Apple, Amazon Shrug Off Streaming Production Halt In Comments To Wall Street

Apple+; Amazon

As traditional entertainment companies grapple with the upheaval and uncertainty of COVID-19, tech giants Apple and Amazon are profiting handsomely during the pandemic.

The tech giants on Thursday reported blockbuster results for the second quarter, the same April-to-June period that paralyzed legacy media companies. Speaking to Wall Street analysts about the numbers during separate earnings conference calls, executives struck a notably sanguine tone about the months-long production shutdowns.

They took care to express concern about safety, of course, and conceded many unknowns about the outlook for when cameras will once again roll. But their main message was that they have plenty of other ways to keep growing while shooting remains on pause. That notion is well-established in an industry being reshaped by technology, but seldom has it been put in such stark relief.

Amazon’s head of investor relations, Dave Fildes, fielded a question about areas where Amazon is actually having to postpone its investments due to the pandemic. He said that “list is short,” given the company’s massive hiring spree and plans to expand its fulfillment center square footage by 50% by the end of 2020.

“We’ve had to delay production,” Fildes said. “I think most studios have. That’s been augmented by things like Amazon Cinema, where we have first-run movies” due to theater closures. “In this time, when people want entertainment, people are having trouble creating new content across the board. That’s a bit of a challenge, but not something we’re doing intentionally. We’re doing it to protect the actors and the film crews. We think that’s the right decision. … We’re adapting and looking at how things have changed and looking to create things for the new environment, especially in the entertainment area.”

Apple TV+ films and marquee series like The Morning Show, meanwhile, are “working to get restarted,” CEO Tim Cook said. “I don’t have a precise date yet when we will get them restarted. But there will be some impact because we shut down in the March time frame and are yet to really restart in a significant way, particularly for those that are shot in the LA area given the current status of the virus.”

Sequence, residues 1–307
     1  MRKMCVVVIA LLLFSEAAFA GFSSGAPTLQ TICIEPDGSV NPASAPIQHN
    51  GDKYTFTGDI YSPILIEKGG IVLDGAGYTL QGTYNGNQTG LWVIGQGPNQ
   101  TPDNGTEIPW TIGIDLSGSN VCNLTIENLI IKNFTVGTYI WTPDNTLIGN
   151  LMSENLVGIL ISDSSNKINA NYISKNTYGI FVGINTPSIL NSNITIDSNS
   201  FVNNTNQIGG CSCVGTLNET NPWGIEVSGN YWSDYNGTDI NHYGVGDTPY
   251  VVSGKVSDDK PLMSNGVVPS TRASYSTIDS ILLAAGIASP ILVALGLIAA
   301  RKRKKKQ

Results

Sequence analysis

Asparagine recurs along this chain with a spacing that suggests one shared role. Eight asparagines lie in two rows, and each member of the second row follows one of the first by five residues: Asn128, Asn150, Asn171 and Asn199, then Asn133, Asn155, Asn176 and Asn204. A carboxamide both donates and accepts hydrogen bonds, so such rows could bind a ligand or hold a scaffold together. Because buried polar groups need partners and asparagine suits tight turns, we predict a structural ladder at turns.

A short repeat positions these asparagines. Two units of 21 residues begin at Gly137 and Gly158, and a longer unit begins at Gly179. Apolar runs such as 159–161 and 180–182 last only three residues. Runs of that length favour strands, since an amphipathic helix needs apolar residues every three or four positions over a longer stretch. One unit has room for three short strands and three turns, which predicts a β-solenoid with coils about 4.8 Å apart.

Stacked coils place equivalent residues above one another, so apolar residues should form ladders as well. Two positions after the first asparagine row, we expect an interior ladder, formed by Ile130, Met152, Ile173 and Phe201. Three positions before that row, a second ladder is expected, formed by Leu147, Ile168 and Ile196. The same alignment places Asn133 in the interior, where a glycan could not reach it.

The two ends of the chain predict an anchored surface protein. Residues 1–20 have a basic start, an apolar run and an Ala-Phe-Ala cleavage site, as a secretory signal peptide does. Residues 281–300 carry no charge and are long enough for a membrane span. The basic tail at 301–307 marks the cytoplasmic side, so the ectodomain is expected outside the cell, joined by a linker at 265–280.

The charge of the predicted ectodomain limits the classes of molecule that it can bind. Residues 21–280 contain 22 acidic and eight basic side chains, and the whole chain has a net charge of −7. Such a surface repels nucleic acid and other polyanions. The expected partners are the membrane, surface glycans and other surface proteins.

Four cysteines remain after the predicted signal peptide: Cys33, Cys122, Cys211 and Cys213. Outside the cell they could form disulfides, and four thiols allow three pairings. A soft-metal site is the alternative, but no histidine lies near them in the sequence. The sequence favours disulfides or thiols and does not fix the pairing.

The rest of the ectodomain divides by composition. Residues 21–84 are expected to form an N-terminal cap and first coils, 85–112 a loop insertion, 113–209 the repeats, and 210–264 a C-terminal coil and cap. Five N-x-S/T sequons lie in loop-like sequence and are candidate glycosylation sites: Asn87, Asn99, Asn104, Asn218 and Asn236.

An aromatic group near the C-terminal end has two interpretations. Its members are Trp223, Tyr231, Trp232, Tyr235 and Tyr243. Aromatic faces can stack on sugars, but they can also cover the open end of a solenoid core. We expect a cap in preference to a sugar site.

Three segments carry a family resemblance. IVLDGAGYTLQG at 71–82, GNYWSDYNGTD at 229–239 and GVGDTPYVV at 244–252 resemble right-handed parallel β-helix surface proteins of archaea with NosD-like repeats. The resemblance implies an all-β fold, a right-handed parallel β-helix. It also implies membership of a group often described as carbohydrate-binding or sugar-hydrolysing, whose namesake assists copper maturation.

Streaming overall, across a wide swath of Apple and Amazon’s operations, is booming during COVID-19. For both giants, the original video slice of that opportunity remains a rounding error in financial terms. Nevertheless, it has been enough of a corporate priority to get Cook and Amazon’s Jeff Bezos into a tuxedo plenty in recent years.

Both companies are worth upwards of $1.5 trillion. Apple has a Croesus-like $245 billion in cash on its balance sheet. That means when some marquee programming goes dark, Apple can fill gaps with projects from traditional rivals, as with the Tom Hanks movie Greyhound, acquired from Sony at a sizable premium.

The tenor of the tech execs’ comments differed from that of besieged media execs in recent weeks, many of whom have responded to the dark days of the pandemic by offering upbeat estimates for the return of production and live sports. Addressing analysts Thursday morning, NBCUniversal CEO Jeff Shell mustered optimistic spin, especially about the company’s nascent streaming service, Peacock. But he did not gloss over the difficulty of this period. “Making and releasing films is our lifeblood, so [the effect of the shutdown] is anything but positive, and the negative financial effects will be felt in coming years, particularly 2021,” he said.

While Amazon has been a player in original streaming programming for a decade, registering their presence with hits like Transparent and The Marvelous Mrs. Maisel, Apple just launched Apple TV+ last November. With other new services like Disney+ and Quibi also newly in the market and Netflix widening its lead with 26 million new subscribers in 2020 to date, this week’s Emmy nominations scorecard was telling. The total showing by digital and streaming companies soared 42% over last year’s level.

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